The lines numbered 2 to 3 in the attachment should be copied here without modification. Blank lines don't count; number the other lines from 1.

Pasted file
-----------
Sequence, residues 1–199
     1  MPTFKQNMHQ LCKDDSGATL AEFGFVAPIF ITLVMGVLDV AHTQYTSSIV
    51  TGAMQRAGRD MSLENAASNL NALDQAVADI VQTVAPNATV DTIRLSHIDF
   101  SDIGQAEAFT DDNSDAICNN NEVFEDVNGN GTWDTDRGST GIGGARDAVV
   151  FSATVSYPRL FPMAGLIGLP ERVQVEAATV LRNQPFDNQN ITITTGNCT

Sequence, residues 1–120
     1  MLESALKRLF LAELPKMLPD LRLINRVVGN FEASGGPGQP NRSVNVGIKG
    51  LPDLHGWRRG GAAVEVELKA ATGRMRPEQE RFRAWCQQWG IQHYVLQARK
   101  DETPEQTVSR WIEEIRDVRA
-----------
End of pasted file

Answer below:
     1  MPTFKQNMHQ LCKDDSGATL AEFGFVAPIF ITLVMGVLDV AHTQYTSSIV
    51  TGAMQRAGRD MSLENAASNL NALDQAVADI VQTVAPNATV DTIRLSHIDF